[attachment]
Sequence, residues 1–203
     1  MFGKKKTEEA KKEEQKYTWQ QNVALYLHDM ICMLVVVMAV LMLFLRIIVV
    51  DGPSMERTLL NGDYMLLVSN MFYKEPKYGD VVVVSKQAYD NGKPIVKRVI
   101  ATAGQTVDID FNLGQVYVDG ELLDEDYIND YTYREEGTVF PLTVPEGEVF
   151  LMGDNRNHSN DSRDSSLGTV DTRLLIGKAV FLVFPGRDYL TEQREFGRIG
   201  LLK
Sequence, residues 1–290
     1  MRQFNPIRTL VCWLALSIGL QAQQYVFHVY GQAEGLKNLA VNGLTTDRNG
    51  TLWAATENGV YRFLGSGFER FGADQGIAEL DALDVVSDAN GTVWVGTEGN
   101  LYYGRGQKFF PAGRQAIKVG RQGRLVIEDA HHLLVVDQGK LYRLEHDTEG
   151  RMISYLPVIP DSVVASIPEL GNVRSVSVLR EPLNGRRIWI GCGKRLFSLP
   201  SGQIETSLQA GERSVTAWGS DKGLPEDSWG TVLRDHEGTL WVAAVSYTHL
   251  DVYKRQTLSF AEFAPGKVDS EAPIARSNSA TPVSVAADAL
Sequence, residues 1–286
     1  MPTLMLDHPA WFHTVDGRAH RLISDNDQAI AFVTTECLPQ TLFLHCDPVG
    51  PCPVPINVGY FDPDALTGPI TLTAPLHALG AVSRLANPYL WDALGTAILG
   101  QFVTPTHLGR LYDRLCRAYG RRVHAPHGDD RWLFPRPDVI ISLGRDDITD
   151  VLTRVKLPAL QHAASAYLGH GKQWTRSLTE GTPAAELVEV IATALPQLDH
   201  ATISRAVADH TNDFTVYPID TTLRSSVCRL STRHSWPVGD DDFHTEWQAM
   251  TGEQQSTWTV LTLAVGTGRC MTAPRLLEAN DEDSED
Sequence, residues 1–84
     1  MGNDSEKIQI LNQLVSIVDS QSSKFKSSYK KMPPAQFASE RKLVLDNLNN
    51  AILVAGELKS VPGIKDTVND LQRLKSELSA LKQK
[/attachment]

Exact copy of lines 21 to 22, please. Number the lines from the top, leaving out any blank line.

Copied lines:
Sequence, residues 1–84
     1  MGNDSEKIQI LNQLVSIVDS QSSKFKSSYK KMPPAQFASE RKLVLDNLNN